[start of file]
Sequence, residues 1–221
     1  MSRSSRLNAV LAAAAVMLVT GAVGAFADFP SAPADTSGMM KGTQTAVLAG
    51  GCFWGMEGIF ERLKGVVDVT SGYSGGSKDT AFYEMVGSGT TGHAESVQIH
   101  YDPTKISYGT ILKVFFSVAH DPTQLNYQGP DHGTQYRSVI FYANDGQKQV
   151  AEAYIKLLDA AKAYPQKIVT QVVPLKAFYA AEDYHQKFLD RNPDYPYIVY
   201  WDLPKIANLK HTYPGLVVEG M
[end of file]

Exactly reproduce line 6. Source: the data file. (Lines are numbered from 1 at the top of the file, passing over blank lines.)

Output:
   201  WDLPKIANLK HTYPGLVVEG M